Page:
Contents List Our Memories Round the Houses


(click to enlarge)

Someone who wishes to remain anonymous has suggested a page to record memories of life in the Houses and we're happy to oblige with a mostly blank canvas apart from some dusty items from the copy box, so it's over to you!   The diagram at left shows that structure has seen many changes over the years, with a peak of complexity around 1970.  Further details are provided on the Family Trees page.

I was in Salisbury, which in my first year was in Kett Hall with Canterbury, and in my second year we moved to Peel, which we shared with Norwich. We used to visit the girls in Wells for "mixed teas." Then we finally moved to Fry in my third year as a mixed House. From memory, when the Houses were single sex, although the buildings had names, they weren't in general use so it wasn't as complicated as it sounds.

Also the demarcation point between the Houses was the door between the 8 dorms upstairs and the centre divider of the dining room downstairs. If you think about it, that meant that the Matron could go out of her flat at either end and still be in her own House.

Colin Leaford

In Canterbury House (circa 1961-63) the fire keys were easily removed from their boxes on the walls by prising off the beading at the top and sliding the glass upwards ... it was then a simple matter to open the connecting door to the Salisbury dorm next door and lob a water bomb onto some poor unsuspecting person … shut the door, lock it and lie back and listen to the ensuing row as someone screamed (which they always did) and Biffo Bawden dealt with the matter! Nasty sneaky thing to do ... what I still don't understand was that the people next door *never* seemed to register what was going on!  Were those boxes still there when the Houses went mixed? The mind boggles if they were!

David Mills

The fireboxes were not needed when the Houses went mixed, as the doors were permanently unlocked. The "split" was turned the "other" way so that girls' dorms were over the archway and the boys were over the dining room. That put the staff flats between the girls' and boys' dorms.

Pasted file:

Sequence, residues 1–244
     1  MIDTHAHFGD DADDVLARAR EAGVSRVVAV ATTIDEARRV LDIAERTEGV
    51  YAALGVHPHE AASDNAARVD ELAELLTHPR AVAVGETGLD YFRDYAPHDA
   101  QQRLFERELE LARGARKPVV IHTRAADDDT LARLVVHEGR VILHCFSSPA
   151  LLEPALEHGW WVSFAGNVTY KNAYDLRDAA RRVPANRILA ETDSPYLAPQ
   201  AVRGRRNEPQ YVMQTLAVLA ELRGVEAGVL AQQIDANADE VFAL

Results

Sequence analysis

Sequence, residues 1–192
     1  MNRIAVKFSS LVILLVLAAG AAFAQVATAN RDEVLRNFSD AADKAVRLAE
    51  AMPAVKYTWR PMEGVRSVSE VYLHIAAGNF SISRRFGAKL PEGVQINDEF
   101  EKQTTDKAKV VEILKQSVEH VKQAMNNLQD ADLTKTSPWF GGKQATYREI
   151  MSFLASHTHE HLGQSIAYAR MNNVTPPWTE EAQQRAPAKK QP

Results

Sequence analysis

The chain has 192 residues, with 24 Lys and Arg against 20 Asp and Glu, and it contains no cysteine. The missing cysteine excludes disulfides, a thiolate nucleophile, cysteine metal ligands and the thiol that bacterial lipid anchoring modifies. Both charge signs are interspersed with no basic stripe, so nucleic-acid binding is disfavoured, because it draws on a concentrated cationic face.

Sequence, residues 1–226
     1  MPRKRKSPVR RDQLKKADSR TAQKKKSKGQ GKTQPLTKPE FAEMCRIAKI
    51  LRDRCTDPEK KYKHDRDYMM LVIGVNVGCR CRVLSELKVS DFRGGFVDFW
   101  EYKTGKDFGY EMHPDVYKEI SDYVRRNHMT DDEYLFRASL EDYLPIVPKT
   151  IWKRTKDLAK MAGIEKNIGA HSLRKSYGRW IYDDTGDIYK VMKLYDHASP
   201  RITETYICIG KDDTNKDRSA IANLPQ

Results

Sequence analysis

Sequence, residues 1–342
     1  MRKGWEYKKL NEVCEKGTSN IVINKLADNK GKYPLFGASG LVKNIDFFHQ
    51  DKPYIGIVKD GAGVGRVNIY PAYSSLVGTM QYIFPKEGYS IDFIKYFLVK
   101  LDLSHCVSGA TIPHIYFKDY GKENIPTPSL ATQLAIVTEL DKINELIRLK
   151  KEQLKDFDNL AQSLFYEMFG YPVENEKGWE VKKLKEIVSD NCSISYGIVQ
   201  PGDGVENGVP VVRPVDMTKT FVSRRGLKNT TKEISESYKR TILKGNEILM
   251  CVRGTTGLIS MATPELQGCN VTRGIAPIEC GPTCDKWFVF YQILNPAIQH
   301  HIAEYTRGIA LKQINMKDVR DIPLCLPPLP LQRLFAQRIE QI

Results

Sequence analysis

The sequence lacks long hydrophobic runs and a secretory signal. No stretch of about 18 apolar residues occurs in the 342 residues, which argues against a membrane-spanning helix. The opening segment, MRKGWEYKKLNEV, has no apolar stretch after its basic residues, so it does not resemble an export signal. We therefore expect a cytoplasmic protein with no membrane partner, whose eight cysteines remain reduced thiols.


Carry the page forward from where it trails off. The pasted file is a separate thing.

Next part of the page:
Colin Farrington

Lincoln had a fish pond in the courtyard so birthday dips were common; we also used to paint the windows at Christmas time; we were lucky enough to have a full sized snooker table too.

Sue Pearson (Wilson)

Re the 6th Form Hall (Lincoln); they decided that 6th formers were just too dangerous to have around 11 year olds I guess. The biggest issue I can remember was the dorms. The lower 6th had waited years to get their own rooms, & bingo, they ended up back in the 8 dorm. I think there were only 4 or 5 in there, but it was a privacy thing & who can blame them? I think now they have partitioned them off to make more singles. The 7ths had to share rooms as well, but in side rooms it wasn't so bad.- it was easier to borrow the iron to make toast!

Morag Ward

I have a question for all you young ones that were present from the late '70s onwards. What ever happened to inter-House competitions? Or is anything that competitive no longer 'PC?'

Up to the mid-Seventies, at least, there was a regular set of inter-House competitions for most of the sports activities, so you had rugby matches, football matches, swimming galas, cross country competitions and many more. This would be set up for each age group. How did this work when all the first years for example were in one House? Also with all the sixth/seventh years moving out?

Steve Grant

The competitions were still ongoing when I left in 1983, even (unfortunately) the Mair Cup. It was the 4 lower Houses against each other & Peel vs. Lincoln for the 6th & 7th's. What has happened since they put all the babies in the same House I don't know, perhaps one of the younger folk (gee it hurts to say that) will know.

Gary Johnson








Wymondham College Remembered